The Business Software Association flip flops like a sandal convention
While the software alliance, which consists of most of the major players in the software sector, hasn’t done a complete 180, it is back-peddling a bit on its view of the Stop Online Piracy Act. (SOPA). The BSA released a statement via their blog acknowledging the impending breach of free speech and privacy this bill is set to foster.
[quote]Valid and important questions have been raised about the bill. It is intended to get at the worst of the worst offenders. As it now stands, however, it could sweep in more than just truly egregious actors. To fix this problem, definitions of who can be the subject of legal actions and what remedies are imposed must be tightened and narrowed. Due process, free speech, and privacy are rights cannot be compromised.[/quote]
It’s important to point out that this doesn’t mean they aren’t open to a different bill, but more, the negative press this bill in particular has caused is bad for business. Tech giants would love you to think they support your privacy, but we all know it’s way more about how they are being perceived and talked about on Twitter that they really care about. In fact, if there had been no uprising, if Twitter didn’t exist, it’s likely that the bill would have passed with full support of companies like Microsoft, Apple, and the rest of the BSA.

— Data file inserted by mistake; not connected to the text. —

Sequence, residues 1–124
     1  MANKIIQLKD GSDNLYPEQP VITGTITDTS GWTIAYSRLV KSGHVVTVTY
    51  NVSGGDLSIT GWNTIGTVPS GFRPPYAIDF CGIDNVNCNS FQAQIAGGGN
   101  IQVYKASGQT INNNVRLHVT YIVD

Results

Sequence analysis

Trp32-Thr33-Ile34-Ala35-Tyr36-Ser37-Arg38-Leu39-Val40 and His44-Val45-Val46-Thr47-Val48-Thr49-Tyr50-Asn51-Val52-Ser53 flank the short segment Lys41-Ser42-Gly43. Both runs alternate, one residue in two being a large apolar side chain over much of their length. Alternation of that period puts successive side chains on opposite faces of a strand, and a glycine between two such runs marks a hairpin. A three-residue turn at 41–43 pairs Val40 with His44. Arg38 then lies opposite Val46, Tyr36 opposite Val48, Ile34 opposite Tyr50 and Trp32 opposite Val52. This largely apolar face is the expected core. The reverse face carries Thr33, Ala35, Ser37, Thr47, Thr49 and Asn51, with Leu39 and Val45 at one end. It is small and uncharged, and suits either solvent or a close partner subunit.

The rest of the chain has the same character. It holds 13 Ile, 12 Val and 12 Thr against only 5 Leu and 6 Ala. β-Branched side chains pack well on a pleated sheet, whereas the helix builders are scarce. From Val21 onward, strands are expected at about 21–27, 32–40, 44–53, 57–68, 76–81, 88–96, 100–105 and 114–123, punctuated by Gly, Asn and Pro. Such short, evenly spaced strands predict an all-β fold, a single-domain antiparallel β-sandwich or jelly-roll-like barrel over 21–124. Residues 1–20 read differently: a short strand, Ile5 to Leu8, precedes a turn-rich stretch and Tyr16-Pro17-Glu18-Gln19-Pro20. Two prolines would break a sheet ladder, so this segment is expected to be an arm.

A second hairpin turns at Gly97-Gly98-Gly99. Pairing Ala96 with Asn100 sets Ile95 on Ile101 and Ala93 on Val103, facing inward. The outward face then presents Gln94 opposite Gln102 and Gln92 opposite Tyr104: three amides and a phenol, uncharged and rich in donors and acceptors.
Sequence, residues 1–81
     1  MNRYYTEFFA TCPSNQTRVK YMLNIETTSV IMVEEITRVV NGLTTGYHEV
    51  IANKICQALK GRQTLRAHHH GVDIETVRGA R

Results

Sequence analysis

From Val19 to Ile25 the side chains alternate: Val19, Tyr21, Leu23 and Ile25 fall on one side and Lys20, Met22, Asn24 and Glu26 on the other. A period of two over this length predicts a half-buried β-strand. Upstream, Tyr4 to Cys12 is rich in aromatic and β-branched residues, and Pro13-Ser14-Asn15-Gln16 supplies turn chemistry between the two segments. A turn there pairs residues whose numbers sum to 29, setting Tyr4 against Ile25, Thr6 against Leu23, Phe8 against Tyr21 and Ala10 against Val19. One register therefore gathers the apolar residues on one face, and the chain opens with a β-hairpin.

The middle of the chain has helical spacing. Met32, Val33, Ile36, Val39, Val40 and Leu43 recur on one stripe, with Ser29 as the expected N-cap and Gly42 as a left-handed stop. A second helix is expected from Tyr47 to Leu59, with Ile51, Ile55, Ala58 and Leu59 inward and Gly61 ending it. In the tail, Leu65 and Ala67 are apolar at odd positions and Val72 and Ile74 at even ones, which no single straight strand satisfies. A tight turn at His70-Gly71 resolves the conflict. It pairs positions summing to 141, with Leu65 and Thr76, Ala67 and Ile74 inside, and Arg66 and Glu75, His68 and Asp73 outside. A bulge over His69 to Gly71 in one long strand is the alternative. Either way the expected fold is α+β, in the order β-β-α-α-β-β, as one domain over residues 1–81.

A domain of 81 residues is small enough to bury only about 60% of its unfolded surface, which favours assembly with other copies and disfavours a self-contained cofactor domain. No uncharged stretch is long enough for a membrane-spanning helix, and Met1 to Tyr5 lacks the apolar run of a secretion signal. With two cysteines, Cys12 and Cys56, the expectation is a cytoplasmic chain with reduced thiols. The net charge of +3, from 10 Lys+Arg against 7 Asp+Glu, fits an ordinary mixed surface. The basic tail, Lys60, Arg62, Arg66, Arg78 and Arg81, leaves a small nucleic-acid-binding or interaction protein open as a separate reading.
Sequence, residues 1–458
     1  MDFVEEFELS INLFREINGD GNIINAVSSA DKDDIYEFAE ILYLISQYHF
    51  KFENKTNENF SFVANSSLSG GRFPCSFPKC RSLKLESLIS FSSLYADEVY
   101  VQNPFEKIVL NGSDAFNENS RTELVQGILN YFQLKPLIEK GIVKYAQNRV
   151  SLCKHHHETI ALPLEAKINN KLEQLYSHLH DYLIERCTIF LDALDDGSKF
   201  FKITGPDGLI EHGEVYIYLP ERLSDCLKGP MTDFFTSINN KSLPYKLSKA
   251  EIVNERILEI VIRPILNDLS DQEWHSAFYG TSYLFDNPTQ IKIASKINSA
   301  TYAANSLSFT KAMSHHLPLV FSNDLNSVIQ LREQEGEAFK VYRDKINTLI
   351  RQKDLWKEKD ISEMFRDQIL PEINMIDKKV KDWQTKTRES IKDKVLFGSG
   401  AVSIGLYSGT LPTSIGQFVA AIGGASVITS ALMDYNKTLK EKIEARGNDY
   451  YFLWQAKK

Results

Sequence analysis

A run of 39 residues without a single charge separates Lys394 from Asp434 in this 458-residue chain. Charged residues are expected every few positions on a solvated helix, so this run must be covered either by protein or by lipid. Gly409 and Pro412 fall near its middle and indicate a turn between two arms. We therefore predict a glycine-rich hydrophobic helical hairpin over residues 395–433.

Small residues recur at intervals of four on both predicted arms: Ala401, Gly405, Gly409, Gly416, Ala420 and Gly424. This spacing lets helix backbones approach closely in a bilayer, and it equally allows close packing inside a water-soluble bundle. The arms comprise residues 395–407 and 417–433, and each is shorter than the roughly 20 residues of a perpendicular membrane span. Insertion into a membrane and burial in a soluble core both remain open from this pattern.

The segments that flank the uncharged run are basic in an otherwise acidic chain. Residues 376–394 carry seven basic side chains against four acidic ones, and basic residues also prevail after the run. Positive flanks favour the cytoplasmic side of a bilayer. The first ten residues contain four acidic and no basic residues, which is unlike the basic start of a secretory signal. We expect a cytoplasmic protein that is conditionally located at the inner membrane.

The Stop Online Piracy Act, or SOPA for short, would allow companies to block domains of websites that may have appeared to support copyright infringement at some point. This would be accomplished by instantly modifying root DNS records which propagate down to all other DNS servers automatically. Your only defense as an end user would be self hosted and managed DNS. As a content provider you’d be helpless if this happened to you.
More and more groups are getting behind the abandonment of SOPA, including more than 60 civil and human rights organizations, which collectively wrote letters to Congress urging rejection of the bill.
Needless to say, this bill has the potential to cripple the Internet and freedom of speech. The US has long since criticized China’s decision to censor the Internet, yet here we sit considering the same exact thing.